Arafat Meets Saudi Leaders to Mobilize Arab States on Jerusalem
Palestinian President Yasser Arafat met with Saudi Crown Prince Abdullah on Sunday in a bid to mobilize Arab states on the issue of Jerusalem that wrecked the Camp David peace summit with Israel.
The official Saudi news agency SPA said Arafat, who flew in from Paris to launch a tour of the Arab world, held talks with the crown prince in the Red Sea city of Jeddah.
The Palestinian president was to "ask the advice" of Crown Prince Abdullah and King Fahd on "the best action to take to defend the Arab identity of Jerusalem and extend Palestinian Arab sovereignty" to the Holy City, an adviser to Arafat said.
"Jerusalem is a Palestinian, Arab, Islamic and Christian red line," Nabil Abu Rudeina told reporters.
He said the Palestinians wanted an Arab summit to discuss the peace process, "either a restricted summit or an expanded one, so long as it is held as soon as possible."
The Palestinian leader "believes that an Arab summit is needed more than ever. We hope the Arab world will be able to send a clear message (to Israel) that we are for peace but not a peace at any price," he said.
According to Palestinian sources in Gaza, Arafat was to travel on to Tunisia, Morocco and Jordan.
Riyadh threw its weight behind the Palestinian stand at the Camp David peace summit which collapsed on July 25th, while Saudi newspapers on Sunday slammed US President Bill Clinton over the crucial issue of Jerusalem.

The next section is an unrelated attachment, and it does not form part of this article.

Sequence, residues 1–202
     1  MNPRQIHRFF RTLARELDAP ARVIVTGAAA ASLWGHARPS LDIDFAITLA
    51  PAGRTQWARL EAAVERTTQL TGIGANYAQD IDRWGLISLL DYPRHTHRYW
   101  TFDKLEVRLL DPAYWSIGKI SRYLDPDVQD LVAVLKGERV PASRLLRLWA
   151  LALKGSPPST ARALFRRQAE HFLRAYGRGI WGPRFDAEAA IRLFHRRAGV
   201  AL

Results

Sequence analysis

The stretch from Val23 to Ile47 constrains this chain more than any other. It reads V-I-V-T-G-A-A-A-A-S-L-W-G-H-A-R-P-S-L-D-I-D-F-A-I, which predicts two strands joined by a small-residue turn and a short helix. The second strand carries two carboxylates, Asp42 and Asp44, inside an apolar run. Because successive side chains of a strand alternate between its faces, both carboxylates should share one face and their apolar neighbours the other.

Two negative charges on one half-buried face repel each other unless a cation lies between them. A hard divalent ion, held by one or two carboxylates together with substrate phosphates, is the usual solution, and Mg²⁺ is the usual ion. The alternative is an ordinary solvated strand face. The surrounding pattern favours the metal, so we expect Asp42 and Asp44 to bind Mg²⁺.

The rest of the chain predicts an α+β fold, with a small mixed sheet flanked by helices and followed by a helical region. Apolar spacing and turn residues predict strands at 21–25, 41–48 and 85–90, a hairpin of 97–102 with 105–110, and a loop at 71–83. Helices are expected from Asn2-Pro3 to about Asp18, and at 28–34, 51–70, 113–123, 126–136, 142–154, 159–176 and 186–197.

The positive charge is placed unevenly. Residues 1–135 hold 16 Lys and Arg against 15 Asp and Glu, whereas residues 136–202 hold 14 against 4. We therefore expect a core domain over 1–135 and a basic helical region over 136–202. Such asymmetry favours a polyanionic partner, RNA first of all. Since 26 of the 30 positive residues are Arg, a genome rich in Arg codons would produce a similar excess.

"The American president does not have the right to give orders to Arab countries concerning the Palestinian cause so that they put pressure on President Arafat," Al-Jazira newspaper said.
In an interview on Israeli TV broadcast Friday, Clinton praised the "courageous" efforts of Israel's Prime Minister Ehud Barak at the marathon Camp David summit and said the US embassy could be moved from Tel Aviv to west Jerusalem.
He also warned Arafat against going ahead with a unilateral declaration of Palestinian statehood on September 13th.
The next day, Arafat said during a visit to Paris that he would consider declaring a state "when the time is right," an apparent shift after repeated vows that the state would be proclaimed even without a peace deal with Israel.
"We will consider declaring a state when the time is right, taking into consideration the advice of our friends," he said.
Although blamed by both the United States and Israel for the failure of the talks, Arafat has won widespread acclaim among Arabs for refusing to accept Israel's "concessions" at Camp David -- JEDDAH, Saudi Arabia (AFP)
© 2000 Al Bawaba (www.albawaba.com)
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